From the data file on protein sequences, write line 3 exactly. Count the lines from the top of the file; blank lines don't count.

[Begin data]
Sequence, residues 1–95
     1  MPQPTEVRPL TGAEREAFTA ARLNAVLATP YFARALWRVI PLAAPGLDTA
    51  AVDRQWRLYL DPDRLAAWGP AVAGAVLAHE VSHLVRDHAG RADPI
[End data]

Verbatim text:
    51  AVDRQWRLYL DPDRLAAWGP AVAGAVLAHE VSHLVRDHAG RADPI